The bus arrived and he flawlessly negotiated the short ride back to his neighborhood, stepping out of the rear door of the bus and crossing the street at the record shop. An old dog he assumed blind turned its stringy head at him when Cob forced some spit through his closed teeth. Cob always stopped for one second to let the dog smell his hand and since he didn’t want that wet-dog-smell this one always had regardless of the weather, he’d always end their meeting as soon as it began. When he got to his apartment door he checked his mail, nothing, then up the lightly spiraling staircase one floor, and into an apartment smelling of rotting fruit and the accompanying fruitflies. The night before he noticed the bananas had blackened leaving a sticky paste like melted licorice in the bowl. Instead of flushing the bananas or dropping them off the front porch into the many wide-mouthed brown plastic easy-target garbage cans on his four foot long front yard, he just threw them into the kitchen trash where they continued to rot and meld with the other putridities.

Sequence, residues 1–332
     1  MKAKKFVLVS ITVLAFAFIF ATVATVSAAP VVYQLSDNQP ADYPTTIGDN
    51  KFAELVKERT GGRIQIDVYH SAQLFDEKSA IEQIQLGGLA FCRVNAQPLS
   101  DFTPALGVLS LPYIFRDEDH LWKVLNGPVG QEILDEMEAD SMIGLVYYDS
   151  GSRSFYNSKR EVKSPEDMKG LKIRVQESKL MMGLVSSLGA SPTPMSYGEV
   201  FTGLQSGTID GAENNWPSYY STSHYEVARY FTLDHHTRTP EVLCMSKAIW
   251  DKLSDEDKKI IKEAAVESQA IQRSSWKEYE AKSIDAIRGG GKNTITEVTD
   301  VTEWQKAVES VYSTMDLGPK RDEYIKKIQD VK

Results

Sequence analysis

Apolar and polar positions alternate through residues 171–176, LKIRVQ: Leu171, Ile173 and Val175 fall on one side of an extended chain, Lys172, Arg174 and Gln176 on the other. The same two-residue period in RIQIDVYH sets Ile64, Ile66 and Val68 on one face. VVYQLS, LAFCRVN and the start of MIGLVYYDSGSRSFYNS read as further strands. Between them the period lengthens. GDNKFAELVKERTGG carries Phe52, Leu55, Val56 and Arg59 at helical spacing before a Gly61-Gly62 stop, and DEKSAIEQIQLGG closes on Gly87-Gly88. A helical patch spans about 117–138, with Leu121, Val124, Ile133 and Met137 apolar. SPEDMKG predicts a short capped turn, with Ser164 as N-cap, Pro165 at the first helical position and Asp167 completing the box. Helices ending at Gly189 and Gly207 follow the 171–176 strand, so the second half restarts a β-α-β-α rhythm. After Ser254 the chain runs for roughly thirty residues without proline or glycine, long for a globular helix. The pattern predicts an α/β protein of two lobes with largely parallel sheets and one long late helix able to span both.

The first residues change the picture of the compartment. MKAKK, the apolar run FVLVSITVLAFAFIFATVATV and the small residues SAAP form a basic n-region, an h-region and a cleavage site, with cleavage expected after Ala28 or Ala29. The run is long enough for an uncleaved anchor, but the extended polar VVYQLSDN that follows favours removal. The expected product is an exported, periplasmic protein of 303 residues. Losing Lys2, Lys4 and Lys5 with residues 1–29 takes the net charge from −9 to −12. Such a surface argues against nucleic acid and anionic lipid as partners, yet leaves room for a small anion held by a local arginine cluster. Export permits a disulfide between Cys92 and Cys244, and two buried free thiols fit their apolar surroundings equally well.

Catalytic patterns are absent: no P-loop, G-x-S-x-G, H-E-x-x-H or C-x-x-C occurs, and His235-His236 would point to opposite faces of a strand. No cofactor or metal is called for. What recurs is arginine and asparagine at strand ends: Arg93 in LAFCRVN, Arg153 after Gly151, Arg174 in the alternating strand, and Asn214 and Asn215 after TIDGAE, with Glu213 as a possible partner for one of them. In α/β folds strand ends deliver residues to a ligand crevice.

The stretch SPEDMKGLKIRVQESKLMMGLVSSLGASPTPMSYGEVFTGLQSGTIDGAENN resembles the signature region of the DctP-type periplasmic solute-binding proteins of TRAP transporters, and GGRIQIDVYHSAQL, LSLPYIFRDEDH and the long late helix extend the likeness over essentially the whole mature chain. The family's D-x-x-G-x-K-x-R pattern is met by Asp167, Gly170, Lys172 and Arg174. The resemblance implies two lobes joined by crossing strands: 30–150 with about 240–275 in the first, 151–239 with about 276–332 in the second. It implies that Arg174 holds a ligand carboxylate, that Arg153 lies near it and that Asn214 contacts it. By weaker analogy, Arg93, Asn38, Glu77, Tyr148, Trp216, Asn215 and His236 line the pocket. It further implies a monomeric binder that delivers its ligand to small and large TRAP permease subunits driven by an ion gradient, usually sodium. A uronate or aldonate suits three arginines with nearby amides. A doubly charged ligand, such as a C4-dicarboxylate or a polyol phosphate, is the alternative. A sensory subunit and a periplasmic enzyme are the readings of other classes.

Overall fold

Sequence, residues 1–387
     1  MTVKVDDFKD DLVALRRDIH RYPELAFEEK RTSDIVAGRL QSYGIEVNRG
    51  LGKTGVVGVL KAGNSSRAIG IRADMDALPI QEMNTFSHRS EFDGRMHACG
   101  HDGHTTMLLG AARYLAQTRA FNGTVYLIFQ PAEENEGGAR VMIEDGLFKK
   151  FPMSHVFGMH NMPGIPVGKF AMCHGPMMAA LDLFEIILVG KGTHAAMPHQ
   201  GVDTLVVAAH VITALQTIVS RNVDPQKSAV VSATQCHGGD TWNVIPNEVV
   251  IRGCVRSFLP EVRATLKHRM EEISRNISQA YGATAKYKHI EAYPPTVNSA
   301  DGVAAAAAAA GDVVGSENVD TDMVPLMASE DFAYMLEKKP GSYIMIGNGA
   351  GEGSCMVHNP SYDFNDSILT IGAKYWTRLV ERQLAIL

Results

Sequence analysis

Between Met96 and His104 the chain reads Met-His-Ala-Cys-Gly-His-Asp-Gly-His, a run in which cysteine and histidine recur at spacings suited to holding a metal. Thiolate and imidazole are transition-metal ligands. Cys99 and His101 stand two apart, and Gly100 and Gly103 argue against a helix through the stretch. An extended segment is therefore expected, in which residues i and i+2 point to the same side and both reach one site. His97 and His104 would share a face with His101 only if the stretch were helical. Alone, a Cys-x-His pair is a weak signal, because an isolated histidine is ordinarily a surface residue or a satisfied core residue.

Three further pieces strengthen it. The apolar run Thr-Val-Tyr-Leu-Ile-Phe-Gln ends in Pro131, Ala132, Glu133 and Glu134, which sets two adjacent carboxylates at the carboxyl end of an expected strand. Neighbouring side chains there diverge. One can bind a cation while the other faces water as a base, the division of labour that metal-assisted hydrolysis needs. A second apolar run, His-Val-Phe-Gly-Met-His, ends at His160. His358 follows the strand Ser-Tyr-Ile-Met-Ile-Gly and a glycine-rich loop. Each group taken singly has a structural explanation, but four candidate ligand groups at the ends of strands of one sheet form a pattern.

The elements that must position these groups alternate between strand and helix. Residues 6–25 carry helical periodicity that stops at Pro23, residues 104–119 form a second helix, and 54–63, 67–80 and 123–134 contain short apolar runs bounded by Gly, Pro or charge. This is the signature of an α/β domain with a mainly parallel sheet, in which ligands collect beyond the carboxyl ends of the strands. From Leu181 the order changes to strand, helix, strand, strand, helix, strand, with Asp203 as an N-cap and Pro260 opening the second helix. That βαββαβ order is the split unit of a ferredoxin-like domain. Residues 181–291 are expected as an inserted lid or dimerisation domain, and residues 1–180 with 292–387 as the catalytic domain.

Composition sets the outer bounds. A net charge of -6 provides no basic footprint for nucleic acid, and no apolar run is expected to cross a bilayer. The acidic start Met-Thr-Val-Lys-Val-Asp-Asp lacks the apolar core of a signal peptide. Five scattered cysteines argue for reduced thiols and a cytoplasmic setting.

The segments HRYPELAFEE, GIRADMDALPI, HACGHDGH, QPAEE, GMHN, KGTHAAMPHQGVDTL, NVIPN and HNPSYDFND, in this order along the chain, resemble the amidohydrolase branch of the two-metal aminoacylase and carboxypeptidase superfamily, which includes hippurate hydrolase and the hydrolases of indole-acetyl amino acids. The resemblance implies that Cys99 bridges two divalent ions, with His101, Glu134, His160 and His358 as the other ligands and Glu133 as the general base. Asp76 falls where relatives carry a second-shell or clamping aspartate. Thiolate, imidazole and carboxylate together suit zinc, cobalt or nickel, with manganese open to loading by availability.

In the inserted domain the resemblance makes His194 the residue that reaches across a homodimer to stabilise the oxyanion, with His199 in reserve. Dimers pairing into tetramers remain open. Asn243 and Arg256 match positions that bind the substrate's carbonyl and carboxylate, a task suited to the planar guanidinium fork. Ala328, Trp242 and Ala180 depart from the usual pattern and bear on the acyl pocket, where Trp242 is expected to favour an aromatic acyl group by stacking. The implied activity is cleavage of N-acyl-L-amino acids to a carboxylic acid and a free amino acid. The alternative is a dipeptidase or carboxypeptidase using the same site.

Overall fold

He checked the answering machine, nothing. Maybe Sheila was in an accident, maybe she left for good, maybe she was called into work for some emergency accounting or executive assistance and support, maybe and most likely she waited two minutes after the time Cob was supposed to show and at two after she blew doors and headed directly to a boutique and bought an industrial-strength sized sack of mulled and parched rosebuds, willows, and aromatic cloves. The sweet stench of air fresheners at the altar of sanitation! American cleanliness! Cob ranted and indecipherably coupled synonyms for uncontaminated bleached dry and detoxed living. To an observer at that moment in his high citrus stench of an apartment, Cob would seem a controlled maniac, a man obsessed with his trash, yanking the white plastic bag out the white plastic container, pulling and knotting the yellow ties, all the while mumbling invectives at some unseen personification of sterility. He bounced the plastic bag on his knee, holding the yellow ties in one fist ahead of him like a freeze-framed jab against this ridiculous foe of frantic cleanliness that just jumped into the ring of his consciousness. He dropped the bag off the porch, it twisted in the air, burst hitting the bottom of the trash can. Cob turned and went back inside, he grabbed the broom and swept, sweeping behind the doors always open between rooms, sweeping beneath the solid iron gray radiators, sweeping the dank muck coating the tiles between the sink counter and the shower in the bathroom. He even mopped. Then Cob ran a rag over all the door frames in the apartment, dusted all the furniture, windexed all the surfaces, the black metal of the stereo, he cleaned the cupboard shelves, cursorily running the now filthy rag over all the old cans of stewed tomatoes, black olives, chicken broth, even dusting the yellow cardboard box of baking powder, the twist-tied bags of labeled spices. Since all the dusting covered the floor once again, he swept, pushing the residue of his entire stay in the apartment into a dust pan which the broom reduced to an ever-decreasing line of grime which he swept away until that line remained unseen and bearable.